Critics are cruel to Adam Sandler but are they wrong to single him out? Sure, he’s the antithesis of an artist, unashamedly nepotistic and cynical; a peddler of beer and pizza cinema, happy to vomit up misogyny and scatology as a substitute for wit; an infantile occupant of screen space, content to bolt together low grade movie product to an audience presumed semi-retarded and docile – but in this is he not modern Hollywood distilled?
Pixels may be just the latest in a long line of Sandler vehicles to run off the production line with the wheels loose and the battery flat, but there’s a certain honesty in its awfulness; a naked stupidity that many other summer movies would waste time trying to hide behind carefully pre-vised set piece action and dropped in character sketches. The mountebanks behind Chris Columbus’s movie know it’s product, brazenly programmed to appeal to old gamers with mortgages and their postmodern, ADHD afflicted offspring, so why waste time pretending otherwise?
Politeness demands, for we expect some kind of arc for the main characters, that there’s a love interest (rather than a woman in her own right) and redemption opportunity for the hero, a comeuppance for his rival, and a vicarious victory for the obese geek, the audience proxy, who dreams of an idealised feminoid – an obsession with physical perfection, typical of all the male characters in the movie, that presumably has retarded his sexuality and made finding a girlfriend who isn’t made of voxels impossible. This lip service to characterisation is the bare minimum required to differentiate a movie from a visual effects showcase.
For some flicks this would be the start of the creative journey; multiple script drafts adding layer upon layer of detail until dimensional humans spouting smart dialogue graced the page, enablers and witnesses to propulsive action. For Pixels it’s the end. Those on Sandler watch know that the 8 bit representations of jokes used to establish the barely human agents in the non-story that follows are all there is and ever will be. The rest, unfortunately for those hoping to once again know the joy of sitting in a cinema full of laughter, is silence.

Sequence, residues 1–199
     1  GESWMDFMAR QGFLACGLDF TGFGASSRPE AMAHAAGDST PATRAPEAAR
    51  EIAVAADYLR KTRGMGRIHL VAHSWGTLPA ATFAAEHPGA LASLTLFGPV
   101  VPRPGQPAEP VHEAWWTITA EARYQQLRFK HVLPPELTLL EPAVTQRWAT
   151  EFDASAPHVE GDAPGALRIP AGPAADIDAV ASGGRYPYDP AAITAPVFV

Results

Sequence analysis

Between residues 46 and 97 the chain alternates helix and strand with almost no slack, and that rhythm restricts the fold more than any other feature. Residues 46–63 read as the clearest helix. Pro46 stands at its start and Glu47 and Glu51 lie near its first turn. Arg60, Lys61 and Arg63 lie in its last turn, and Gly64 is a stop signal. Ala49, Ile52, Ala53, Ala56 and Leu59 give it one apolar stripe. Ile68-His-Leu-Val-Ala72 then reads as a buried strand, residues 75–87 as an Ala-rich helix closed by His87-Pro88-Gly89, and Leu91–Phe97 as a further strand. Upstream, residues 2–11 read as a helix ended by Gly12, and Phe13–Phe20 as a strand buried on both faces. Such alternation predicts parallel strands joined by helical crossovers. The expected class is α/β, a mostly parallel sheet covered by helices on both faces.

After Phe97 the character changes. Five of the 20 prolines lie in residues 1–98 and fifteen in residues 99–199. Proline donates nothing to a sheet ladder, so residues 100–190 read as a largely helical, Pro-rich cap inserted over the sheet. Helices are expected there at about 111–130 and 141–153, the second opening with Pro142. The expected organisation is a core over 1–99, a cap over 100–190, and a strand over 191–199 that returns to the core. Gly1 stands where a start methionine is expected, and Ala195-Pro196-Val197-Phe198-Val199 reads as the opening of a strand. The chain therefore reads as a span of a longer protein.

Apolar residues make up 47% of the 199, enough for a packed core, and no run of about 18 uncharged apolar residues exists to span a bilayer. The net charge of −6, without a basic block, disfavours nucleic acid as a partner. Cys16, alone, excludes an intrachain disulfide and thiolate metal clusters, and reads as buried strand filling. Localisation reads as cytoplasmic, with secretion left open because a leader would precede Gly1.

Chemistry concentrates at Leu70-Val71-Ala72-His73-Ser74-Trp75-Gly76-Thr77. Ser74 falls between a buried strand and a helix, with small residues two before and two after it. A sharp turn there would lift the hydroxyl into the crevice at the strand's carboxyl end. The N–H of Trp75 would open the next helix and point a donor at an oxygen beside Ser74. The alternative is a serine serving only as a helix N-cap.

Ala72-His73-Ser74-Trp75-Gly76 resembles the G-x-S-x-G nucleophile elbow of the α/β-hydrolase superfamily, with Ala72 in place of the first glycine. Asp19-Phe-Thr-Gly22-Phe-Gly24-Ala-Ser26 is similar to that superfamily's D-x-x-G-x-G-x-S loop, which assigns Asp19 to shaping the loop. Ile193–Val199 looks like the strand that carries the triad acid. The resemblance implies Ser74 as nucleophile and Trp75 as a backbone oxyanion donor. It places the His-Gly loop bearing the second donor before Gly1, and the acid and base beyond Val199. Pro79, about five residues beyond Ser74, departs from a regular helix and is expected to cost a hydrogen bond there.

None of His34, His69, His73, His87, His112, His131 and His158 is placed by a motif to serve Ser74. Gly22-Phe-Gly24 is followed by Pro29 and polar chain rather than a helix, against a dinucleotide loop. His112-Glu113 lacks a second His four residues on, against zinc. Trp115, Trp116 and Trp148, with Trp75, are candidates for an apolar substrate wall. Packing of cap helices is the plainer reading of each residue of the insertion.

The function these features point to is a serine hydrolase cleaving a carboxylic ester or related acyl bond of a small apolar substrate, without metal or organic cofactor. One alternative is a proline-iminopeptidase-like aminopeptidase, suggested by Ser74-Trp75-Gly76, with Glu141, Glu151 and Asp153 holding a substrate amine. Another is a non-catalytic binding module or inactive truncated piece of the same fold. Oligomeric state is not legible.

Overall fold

The template is very loosely Ivan Reitman’s Ghostbusters, a movie with triple the IQ and ten times the charm, that the half-wits behind Pixels are so desperate to evoke, though with the minimum of effort, that they insert Dan Aykroyd into the movie’s opening. But a quick contrast with the ‘80’s classic only serves to illustrate how barren Columbus’s film is by comparison. Ghostbusters had a story, it took time to establish its characters and set up its premise. In Pixels the gamers fighting to save the world have specially made uniforms just hours after they’ve proved their gaming credentials (the government has a prescient tailor) and the opening act, intercutting between an alien attack and Sandler torpidly coming on to Michelle Monaghan in her closet, plays like two different movies. Neither work.
Columbus handles the nifty visual effects well, but one wonders what he made of the human contingent; a company that didn’t need him and in any event probably directed themselves, if lazy interaction between friends requires instruction. Sandler’s lethargy really cuts through and the disinterest is contagious. He delivers his put downs and lady-hating asides like a man woken seconds before each take. If Kevin James as the least likely President of the US since George W. Bush, is worse, a man who thinks he’s being funny shouting and smearing his maw with cake, then at lease Josh Gad has a little energy. Too bad it’s absorbed into the movie’s creative vacuum before it can be utilised.
But Pixels is only really notable for being a kind of schlub’s fantasy writ large – a movie in which the barely communicative underachiever gets the girl he’s patronised for two hours, where a social degenerate can literally bag a trophy girlfriend, and in which a man made of clumsiness, beer and flatulence can be president. Perhaps the latter is a wry piece of political satire, a joke about America’s propensity to elect idiots, but the movie entire represents something more; it’s a note on how undiscerning summer audiences are now imagined to be by some of the laziest filmmakers on the scene. Cheap heroics and colourful spectacle is thought to do it. Offence is mandatory, and very much taken, but are these junk peddlers so far off? Hollywood’s the laziest it’s ever been; it’s the perfect environment for Sandler and co. to thrive. Perhaps if we took an interest in adult stories he and those like him would find themselves at a loose end. Need you any more encouragement?